Following the financial crash, we have been stuck in a relatively low-growth and low-interest rate environment. Given this backdrop, firms with better growth prospects have been extremely attractive for investors as they are able to borrow cheap and reinvest this capital into higher growth projects. As a result, we have seen a massive decade long divergence between Growth and Value stocks as seen in the chart below.
This leads us to ask two questions: is this outperformance justified and is it likely to continue? Well, over this time frame earnings for Growth stocks have risen over 80%, meanwhile Value stocks earnings rose just over 30%. This demonstrates exactly what you might expect, Growth companies were able to grow their earnings faster and therefore outperform. But this is just half of the story, the other side is valuation as seen in the price-to-earnings chart below.
As you can see, Growth stocks tend to trade at a premium to Value stocks over time, due to the fact that they are expected to grow faster. 2009 was unique from a valuation perspective as Growth and Value stocks were priced similarly, meaning you could effectively buy companies with higher expected earnings and sales growth rates at the same price as their peers. This seems like an obvious mispricing by the markets and as you might expect, since 2009 growth stocks have lived up to their name and generated higher growth rates. Therefore, the significant outperformance of Growth stocks is due to both low valuations in 2009 and subsequently stronger growth rates over this decade.
So, when will this trend of Growth stocks outperforming Value stocks reverse? As always, timing the market is notoriously difficult, if not impossible. It could be a matter of weeks, months, or even years, but given that we are investing to fulfill the longer-term financial goals of our clients, it’s best to get ahead of this trade now to avoid missing out. It’s also worth noting that when this trend reverses, the outperformance of Value could be significant, given how extreme the deviation has been as seen in the chart below.
The final benefit of owning Value stocks is that they tend to outperform over the long-term due to human psychology and behavioral finance. The reason is that Value stocks are boring. They tend not to be cutting edge and they sell at a discount because they often face challenges.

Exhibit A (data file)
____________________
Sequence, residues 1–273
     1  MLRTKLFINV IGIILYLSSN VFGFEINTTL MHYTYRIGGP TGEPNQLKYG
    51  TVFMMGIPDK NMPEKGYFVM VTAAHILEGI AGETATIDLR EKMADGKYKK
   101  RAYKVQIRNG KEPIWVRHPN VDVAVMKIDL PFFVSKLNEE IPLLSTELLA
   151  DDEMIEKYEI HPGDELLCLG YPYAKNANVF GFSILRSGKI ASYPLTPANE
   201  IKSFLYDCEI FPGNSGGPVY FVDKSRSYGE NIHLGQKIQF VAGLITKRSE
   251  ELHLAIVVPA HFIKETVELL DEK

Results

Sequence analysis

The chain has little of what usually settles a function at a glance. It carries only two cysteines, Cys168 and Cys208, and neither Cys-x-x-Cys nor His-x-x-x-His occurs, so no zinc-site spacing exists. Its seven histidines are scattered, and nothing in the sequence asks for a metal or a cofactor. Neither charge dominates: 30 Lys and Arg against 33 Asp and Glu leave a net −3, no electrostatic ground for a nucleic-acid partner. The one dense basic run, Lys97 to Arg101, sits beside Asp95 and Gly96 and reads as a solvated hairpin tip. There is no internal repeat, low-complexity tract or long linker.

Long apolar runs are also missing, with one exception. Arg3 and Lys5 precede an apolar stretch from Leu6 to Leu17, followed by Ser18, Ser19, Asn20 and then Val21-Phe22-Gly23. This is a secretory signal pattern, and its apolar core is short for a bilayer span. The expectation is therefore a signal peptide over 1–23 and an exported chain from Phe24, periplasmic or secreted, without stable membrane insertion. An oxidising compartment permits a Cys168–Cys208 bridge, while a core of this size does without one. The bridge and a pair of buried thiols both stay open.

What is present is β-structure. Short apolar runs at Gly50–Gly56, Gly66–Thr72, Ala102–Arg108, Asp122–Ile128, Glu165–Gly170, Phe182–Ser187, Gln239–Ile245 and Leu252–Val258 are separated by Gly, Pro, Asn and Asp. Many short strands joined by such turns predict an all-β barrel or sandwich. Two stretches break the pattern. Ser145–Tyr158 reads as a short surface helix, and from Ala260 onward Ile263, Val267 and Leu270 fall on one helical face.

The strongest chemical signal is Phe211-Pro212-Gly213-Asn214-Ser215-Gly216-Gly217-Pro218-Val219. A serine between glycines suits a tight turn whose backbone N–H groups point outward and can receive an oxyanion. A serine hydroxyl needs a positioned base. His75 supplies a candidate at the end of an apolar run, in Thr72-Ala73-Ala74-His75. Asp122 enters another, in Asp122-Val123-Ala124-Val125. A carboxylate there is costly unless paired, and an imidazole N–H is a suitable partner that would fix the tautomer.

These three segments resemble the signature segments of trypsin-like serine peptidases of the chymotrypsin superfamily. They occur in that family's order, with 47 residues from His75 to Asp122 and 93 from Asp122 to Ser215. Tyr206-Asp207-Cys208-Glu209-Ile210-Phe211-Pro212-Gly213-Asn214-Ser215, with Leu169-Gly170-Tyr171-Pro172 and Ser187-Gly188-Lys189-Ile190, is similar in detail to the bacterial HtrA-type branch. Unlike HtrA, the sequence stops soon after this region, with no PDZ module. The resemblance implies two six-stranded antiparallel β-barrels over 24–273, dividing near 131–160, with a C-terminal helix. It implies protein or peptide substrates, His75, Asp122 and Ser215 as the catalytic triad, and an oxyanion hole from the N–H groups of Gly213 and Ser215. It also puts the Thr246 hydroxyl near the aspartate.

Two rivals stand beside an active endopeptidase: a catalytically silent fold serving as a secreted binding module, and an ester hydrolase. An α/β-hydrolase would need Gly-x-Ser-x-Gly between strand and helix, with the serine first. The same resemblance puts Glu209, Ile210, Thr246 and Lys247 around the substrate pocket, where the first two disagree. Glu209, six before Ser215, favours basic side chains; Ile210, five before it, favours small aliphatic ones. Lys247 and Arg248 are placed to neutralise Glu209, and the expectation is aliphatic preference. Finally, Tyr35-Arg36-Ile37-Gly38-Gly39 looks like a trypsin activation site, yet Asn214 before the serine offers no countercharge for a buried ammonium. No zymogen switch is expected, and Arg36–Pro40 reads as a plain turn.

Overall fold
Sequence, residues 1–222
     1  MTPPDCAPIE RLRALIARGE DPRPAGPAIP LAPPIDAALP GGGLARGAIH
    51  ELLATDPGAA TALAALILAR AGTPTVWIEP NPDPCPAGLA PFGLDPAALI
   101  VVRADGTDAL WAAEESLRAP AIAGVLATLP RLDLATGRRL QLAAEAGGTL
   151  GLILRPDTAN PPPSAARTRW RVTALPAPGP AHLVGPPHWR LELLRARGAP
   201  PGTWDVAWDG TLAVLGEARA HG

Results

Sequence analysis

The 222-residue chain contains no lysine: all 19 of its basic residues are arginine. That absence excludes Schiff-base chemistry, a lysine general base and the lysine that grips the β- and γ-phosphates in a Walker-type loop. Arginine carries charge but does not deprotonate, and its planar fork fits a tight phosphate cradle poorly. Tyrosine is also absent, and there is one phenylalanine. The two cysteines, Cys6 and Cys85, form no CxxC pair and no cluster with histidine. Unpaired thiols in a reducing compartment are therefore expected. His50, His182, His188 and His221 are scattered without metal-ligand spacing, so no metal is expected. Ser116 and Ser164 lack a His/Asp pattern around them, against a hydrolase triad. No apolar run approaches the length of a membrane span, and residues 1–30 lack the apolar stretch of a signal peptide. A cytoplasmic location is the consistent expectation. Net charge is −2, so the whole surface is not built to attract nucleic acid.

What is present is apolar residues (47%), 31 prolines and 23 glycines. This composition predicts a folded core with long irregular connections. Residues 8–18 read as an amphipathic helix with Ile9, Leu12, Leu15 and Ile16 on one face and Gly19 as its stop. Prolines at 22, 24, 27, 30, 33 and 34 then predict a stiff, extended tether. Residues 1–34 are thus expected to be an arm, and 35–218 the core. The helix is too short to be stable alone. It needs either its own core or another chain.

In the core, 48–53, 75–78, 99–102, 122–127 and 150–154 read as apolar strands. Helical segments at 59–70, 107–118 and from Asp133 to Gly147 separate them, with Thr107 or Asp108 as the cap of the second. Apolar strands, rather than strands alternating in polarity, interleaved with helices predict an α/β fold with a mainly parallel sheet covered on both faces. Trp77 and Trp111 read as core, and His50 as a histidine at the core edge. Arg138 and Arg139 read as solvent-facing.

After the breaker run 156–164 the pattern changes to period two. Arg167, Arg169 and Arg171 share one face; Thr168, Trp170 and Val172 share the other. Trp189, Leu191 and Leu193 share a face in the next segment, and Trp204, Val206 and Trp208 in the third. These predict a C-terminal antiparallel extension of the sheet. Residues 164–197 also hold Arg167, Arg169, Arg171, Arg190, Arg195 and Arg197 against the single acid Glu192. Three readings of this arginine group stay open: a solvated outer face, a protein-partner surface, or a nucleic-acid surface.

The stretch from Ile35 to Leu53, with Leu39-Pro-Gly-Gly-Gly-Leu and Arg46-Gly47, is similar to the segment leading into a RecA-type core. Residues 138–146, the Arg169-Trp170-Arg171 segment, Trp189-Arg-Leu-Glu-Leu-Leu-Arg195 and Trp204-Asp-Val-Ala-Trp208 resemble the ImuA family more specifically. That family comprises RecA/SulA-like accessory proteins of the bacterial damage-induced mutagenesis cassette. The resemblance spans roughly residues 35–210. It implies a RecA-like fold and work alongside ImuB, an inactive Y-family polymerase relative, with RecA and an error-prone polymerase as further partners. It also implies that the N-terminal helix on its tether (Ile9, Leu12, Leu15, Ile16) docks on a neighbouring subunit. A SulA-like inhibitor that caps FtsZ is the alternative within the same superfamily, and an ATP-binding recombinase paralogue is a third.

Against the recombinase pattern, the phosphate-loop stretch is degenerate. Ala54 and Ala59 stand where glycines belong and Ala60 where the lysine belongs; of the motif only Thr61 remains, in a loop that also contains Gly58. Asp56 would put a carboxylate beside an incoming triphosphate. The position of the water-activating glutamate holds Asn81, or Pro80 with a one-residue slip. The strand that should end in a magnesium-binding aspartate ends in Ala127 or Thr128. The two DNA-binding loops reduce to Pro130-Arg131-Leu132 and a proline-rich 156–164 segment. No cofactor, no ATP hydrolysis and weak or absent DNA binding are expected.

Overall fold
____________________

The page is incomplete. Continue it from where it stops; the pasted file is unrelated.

Tesla is sexy, people want to own it because it’s exciting and they are willing to ignore fundamentals and often overpay for it.
Take Ford (Value) vs Tesla (Growth) as an example. Ford sold around six million vehicles last year and is extremely profitable. Meanwhile, Tesla is on pace to produce about 250,000 vehicles and has never turned a profit, yet it has a higher market value than Ford. If you ask Tesla investors why they own it, they don’t talk about financials, they talk about the future of electric cars, and how it’s more than just a car company. This includes self-driving technology, batteries and solar to name a few. They’re not wrong, but they do prove my point. Tesla is sexy, people want to own it because it’s exciting and they are willing to ignore fundamentals and often overpay for it. This is indicative of so many Growth stocks and is why over the very long-term Value has outperformed, see chart below.
To summarize, the core tenants of Value investing are currently underappreciated and stand to benefit from the following:
- Mean reversion following a decade of underperformance
- Low valuations relative to Growth stocks currently
- Rising interest rates forcing investors to refocus on the fundamentals
- Consistent overpricing of Growth stocks due to behavioral bias
So, how are we positioning our client portfolio's in this environment? Well, we have reduced our allocation to US equities, due to their high valuations and overexposure to Growth stocks. We have offset this by purchasing the Vanguard Global Value ETF, which uses quantitative models to identify Value stocks and invest in them at a low cost. This strategy has nearly 60% in US equities, which helps us maintain an appropriate exposure to the US market, but eliminates companies with excessive valuations.
As always, we do not receive any compensation or commission for owning or recommending specific strategies, so our incentive is to use strategies that we believe will provide the highest risk-adjusted returns, net of fees and taxes.